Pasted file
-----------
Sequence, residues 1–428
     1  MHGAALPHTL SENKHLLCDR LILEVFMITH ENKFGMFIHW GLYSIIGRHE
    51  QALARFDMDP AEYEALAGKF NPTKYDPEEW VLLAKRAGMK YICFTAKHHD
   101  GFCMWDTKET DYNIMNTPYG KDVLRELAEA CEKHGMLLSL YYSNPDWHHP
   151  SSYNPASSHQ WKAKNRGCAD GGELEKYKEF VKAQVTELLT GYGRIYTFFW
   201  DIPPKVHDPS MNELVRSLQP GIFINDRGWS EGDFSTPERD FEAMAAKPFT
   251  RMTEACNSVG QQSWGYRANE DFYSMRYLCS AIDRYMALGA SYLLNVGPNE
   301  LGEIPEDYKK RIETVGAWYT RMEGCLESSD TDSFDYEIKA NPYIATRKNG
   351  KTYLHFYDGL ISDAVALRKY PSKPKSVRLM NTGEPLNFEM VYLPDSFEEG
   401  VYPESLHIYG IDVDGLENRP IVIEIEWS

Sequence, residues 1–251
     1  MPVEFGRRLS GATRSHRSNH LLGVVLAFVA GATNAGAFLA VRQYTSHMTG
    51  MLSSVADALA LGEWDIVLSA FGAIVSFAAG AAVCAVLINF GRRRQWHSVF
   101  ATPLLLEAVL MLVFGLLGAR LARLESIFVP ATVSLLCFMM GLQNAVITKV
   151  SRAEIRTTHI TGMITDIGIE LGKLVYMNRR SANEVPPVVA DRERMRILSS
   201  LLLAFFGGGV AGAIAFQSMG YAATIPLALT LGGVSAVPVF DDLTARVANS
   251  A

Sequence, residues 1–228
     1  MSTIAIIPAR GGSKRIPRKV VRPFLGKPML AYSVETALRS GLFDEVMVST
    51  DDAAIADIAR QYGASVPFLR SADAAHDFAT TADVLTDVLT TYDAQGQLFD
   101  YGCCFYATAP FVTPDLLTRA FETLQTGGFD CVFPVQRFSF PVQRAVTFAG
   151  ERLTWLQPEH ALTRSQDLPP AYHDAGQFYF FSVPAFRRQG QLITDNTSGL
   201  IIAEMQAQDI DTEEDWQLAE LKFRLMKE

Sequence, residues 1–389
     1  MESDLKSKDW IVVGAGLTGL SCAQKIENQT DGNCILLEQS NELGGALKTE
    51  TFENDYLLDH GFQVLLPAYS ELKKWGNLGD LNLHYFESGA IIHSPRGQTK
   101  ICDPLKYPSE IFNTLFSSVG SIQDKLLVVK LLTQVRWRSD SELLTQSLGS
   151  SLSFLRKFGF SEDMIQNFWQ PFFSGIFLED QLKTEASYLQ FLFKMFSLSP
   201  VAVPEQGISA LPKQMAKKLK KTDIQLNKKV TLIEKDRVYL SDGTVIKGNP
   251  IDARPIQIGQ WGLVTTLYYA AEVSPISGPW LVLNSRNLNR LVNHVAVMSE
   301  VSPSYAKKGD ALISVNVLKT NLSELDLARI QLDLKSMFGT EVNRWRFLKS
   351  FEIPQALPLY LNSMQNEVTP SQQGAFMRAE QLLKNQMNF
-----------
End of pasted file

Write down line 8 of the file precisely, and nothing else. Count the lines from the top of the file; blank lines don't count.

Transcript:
   301  LGEIPEDYKK RIETVGAWYT RMEGCLESSD TDSFDYEIKA NPYIATRKNG